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Farmer Robotic Machine

Robots and driver-less tractors will replace human farmers in future

In today’s era of globalization the lure for white collar jobs is simply irresistible. A growing desire for luxurious and stable life coupled with fast paced urbanization has helped in fueling a maddening obsession for white collar jobs over last two decades. However, this maddening obsession has forced many traditional occupations to pay an enormous price as their very existence has come under threat.

The all important agriculture or farming activities unfortunately happens to be on top of the list of ‘endangered jobs’. For many this may come as a surprise or even shocking, but fact of the matter is that population of farmers is dwindling very fast across the globe. Add to this, the average age of farmers in most part of the world is very high and majority of them don’t have any successor to appoint.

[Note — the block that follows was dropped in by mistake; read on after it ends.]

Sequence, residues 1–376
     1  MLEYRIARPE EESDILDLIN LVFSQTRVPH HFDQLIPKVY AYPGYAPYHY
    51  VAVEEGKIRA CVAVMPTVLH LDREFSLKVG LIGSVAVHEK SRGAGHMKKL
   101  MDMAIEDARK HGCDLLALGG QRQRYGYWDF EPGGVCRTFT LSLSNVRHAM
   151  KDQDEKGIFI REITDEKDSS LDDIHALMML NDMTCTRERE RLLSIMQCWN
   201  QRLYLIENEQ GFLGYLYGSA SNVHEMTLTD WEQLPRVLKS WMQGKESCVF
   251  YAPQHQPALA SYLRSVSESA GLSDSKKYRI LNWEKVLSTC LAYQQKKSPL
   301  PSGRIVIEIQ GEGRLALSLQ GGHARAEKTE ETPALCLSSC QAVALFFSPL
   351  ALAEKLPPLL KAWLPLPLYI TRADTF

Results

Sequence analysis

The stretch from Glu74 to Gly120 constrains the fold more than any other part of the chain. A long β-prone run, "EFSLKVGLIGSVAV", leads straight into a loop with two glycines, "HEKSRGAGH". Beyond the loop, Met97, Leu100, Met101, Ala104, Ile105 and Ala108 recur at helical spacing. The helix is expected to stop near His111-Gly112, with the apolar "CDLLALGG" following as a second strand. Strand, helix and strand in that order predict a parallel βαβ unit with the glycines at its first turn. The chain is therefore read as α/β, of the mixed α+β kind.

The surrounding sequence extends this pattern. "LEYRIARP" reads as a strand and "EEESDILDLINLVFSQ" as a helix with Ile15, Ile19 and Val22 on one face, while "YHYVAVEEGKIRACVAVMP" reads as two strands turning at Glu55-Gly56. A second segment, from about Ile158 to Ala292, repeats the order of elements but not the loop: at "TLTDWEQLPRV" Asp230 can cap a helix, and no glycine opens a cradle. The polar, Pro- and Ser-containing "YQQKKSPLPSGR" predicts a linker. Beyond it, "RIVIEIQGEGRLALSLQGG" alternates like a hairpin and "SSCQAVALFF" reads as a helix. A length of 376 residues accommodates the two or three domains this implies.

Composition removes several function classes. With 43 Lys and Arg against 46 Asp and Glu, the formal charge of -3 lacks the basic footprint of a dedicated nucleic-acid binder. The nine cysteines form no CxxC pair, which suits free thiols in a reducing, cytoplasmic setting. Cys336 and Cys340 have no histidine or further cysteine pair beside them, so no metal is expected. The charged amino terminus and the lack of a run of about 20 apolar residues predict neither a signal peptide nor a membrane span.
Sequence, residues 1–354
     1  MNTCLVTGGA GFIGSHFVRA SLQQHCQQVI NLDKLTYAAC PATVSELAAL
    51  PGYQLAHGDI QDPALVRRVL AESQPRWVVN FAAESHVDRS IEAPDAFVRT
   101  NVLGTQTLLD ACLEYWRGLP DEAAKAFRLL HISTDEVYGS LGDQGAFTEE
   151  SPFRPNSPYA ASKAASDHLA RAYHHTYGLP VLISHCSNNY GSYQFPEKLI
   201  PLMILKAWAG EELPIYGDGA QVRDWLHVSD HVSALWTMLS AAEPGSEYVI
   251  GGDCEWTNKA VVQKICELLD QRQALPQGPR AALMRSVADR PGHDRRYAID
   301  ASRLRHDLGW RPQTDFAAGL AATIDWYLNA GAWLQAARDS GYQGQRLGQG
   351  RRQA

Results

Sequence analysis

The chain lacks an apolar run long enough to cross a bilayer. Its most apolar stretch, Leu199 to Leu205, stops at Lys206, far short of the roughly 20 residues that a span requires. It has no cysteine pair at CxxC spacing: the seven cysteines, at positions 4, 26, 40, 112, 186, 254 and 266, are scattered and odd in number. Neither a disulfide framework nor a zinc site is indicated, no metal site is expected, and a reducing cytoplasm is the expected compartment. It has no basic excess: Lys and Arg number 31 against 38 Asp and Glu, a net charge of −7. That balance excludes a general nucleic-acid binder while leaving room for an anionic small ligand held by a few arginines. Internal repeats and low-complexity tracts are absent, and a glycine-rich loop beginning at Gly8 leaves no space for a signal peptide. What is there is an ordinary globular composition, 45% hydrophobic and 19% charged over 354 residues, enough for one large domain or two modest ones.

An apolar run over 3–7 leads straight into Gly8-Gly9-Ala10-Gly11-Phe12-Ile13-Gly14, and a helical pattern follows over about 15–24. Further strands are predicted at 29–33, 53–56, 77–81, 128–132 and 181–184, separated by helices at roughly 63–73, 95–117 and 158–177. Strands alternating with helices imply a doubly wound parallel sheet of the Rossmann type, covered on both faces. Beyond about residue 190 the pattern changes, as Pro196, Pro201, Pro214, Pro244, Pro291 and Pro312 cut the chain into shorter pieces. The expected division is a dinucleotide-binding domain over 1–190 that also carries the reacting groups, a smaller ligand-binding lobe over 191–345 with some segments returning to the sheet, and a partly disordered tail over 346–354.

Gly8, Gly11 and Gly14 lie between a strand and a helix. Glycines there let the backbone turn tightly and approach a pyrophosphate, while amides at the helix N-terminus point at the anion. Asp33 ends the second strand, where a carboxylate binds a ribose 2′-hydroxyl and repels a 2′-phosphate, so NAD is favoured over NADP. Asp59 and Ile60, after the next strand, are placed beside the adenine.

A pertinent question that is now staring the entire world is who will produce our food after the world runs out of farmers. The situation certainly calls for a panic as it literally threatens the global food production.

Well, a Japanese firm Kubota Corp has already found a solution to this grimy situation. The solution is robots and driver-less tractors, who are tipped to become ‘future farmers’ in coming decades.
Many experts predict that these ‘future farmers’ will help to cultivate and produce food crops as number of human farmers begins to dwindle in coming decades.

This is especially true about developed countries where average age of farmers is 60 or 60 plus, according to United Nations.

This harsh reality is what prompted Japan’s Hiroshi Moriyama to push for an idea to replace retiring farmers with tractors and backpack-carried robots. The idea was proposed at G7 agriculture ministers meeting held last month in Japan.

The main agenda of the meeting, which was called for the first time in seven years, was to find a lasting solution to human capital problem plaguing the global farming industry. The conclusive answer that came out of the meeting was that robots and driver-less tractors will significantly dominate global farming industry in coming decades.

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